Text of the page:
Recipe

Classic Pound Cake

by Koko on August 8, 2016 · 0 comments

in Baking, Cake, Recipe

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This weekend my mom and I went back to Tennessee to take a look at my house. Boy do I miss that house. I walk in and remember what it feels like to have my own house and not live at home with my parents (which is also awesome at times FYI). To have all my own things, and my bed… heaven! To thank our neighbors for being wonderful, we baked them a pound cake. This is a traditional pound cake with just a hint of lemon. We served it with fresh whipped cream and berries and it was perfection.

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Classic Pound Cake

Makes 1 loaf

Ingredients:

  • 16 tablespoons (2 sticks) unsalted butter, softened but still cool, plus extra for greasing pan
  • 1 1/3 cups sugar
  • 3 large eggs plus 3 large egg yolks, at room temperature
  • 1 1/2  teaspoons vanilla extract
  • 1 1/2 teaspoons water
  • 1/2 teaspoon salt
  • Zest from 1 lemon
  • 1 1/2 cups (6 ounces) cake flour

Directions

  1. Preheat the oven to 325 degrees. Grease and flour a 9×5 loaf pan. Line the pan with parchment paper (video on how to do that here).
  2. In the bowl of a stand mixer, beat the butter at medium speed until smooth and shiny, about 15 seconds. Add the sugar slowly, beat until light and fluffy, 4 to 5 minutes.
  3. In a separate bowl, stir together the eggs, yolks, vanilla, and water. With the mixer running at medium speed, add the mixture to the butter and sugar in a very slow, thin stream. Add the salt and lemon zest.
  4. Place 1/2 cup of the flour in a sifter and sift over the batter. Fold gently with a rubber spatula, scraping from the bottom of the bowl, until the flour is incorporated. Repeat twice more, adding flour in 1/2 cup increments.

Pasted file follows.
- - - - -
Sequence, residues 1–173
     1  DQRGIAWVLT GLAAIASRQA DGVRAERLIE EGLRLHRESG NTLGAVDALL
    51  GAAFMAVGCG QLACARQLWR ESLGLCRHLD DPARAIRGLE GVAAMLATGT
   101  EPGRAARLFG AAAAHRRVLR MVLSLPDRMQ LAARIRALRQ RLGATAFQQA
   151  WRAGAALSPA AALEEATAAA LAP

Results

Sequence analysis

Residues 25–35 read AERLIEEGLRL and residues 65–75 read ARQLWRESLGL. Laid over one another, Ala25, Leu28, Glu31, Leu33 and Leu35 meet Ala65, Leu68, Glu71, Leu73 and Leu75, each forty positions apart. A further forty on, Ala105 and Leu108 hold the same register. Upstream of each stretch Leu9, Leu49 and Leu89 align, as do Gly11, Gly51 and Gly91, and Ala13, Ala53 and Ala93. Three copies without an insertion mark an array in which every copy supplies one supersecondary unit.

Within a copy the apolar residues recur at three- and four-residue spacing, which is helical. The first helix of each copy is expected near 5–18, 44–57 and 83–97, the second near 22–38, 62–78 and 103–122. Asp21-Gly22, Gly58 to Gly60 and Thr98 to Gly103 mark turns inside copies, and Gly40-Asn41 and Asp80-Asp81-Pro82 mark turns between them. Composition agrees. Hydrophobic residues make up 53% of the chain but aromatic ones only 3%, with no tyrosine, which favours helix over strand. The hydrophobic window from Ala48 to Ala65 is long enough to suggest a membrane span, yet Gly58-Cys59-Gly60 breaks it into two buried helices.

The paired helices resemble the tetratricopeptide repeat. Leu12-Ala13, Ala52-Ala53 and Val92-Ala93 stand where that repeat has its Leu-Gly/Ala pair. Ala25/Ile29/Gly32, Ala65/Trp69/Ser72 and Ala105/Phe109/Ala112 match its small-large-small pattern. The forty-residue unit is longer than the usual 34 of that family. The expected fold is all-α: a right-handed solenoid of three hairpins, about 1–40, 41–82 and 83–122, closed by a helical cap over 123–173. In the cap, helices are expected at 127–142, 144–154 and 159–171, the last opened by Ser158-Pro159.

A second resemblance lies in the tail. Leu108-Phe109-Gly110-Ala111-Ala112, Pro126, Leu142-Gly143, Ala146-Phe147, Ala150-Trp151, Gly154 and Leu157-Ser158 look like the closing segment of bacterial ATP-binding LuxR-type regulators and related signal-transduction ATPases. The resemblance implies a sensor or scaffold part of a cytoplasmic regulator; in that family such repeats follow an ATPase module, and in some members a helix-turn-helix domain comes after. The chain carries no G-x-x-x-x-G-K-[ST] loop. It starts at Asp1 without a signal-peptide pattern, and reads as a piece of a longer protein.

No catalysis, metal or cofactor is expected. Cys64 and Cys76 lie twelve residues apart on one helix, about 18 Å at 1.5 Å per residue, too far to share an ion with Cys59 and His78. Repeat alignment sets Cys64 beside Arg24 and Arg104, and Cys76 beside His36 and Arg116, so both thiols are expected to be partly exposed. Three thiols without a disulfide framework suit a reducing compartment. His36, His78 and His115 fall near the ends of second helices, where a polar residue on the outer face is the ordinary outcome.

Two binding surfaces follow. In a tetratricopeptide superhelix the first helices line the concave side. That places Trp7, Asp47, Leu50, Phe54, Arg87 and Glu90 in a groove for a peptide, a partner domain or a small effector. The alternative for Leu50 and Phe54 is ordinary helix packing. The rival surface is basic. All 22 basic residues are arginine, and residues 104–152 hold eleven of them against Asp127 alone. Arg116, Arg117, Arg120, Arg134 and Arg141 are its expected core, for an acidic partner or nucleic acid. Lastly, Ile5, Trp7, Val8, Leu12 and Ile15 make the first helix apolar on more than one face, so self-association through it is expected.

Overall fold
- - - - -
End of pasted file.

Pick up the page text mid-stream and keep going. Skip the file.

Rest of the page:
5. Scrape the batter unto the pan, smoothing the top with a spatula. Back until a toothpick inserted into the crack running along the top comes out clean, about 70-80 minutes. (Start checking your loaf after 60 minutes. Mine didn’t have a large crack, so I just put the toothpick in the center :)). Let the cake rest in the pan for 5 minutes, then invert onto a wire rack. Place a second wire rack on the cake bottom, then turn the cake over. Cool to room temperature, remove and discard the parchment. Serve with fresh whipped cream and berries.

Adapted from Cooking Illustrated.

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I am always at a loss at what to do with ripe bananas. There is only so much banana bread one family can eat. When my mom stumbled upon this recipe for a Banana Cake, I knew I had to try it. This cake is moist, not overly banana-y (you know what I’m talking about!), and has the most amazing melt-in-your-mouth frosting. It tastes delicious the first day you make it, but even better after letting it sit for a day. Mom and I decorated ours with some candied kumquats (we had them, so why not?), which cuts the sweetness of the sweet frosting a bit. Any candied citrus would work well. Here is a quick link on how to make your own!

In this recipe, there are two new techniques to be aware of. The first is the use of sour milk. Sour milk is used in place of buttermilk and sour cream in many recipes. For every 1 cup of sour milk called for, use 1 cup of full fat milk, add 1 tablespoon vinegar and let sit for 5 minutes. For this recipe, since it only calls for 1/2 cup of sour milk, only use 1/2 tablespoon of vinegar for the 1/2 cup of milk. The second technique is whisking egg whites into soft peaks. If you haven’t done this before, this is a great step by step tutorial.

 

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waffles

Let’s talk about breakfast for dinner. It could be one of my favorite types of meals, but instead of doing the usual cereal/oatmeal/eggs, I decided to make savory waffles, fried eggs and pan-roasted chicken for dinner the other night. The waffles were SO good, honestly better than I thought they were going to be. They are filled with herbs and cheddar cheese and then topped with a fried egg.

This recipe uses what felt like a lot of pots and pans in the kitchen, and required some time management (frying eggs and making waffles at the same time isn’t as easy as it seems), but the end result is totally worth it. I made all of my waffles before I fried my eggs. I made them and then popped them in a 200 degree oven, so they stayed warm while I used up all of the batter.

Gluten-Free Cheddar Herb Waffles

Serves 4

Ingredients: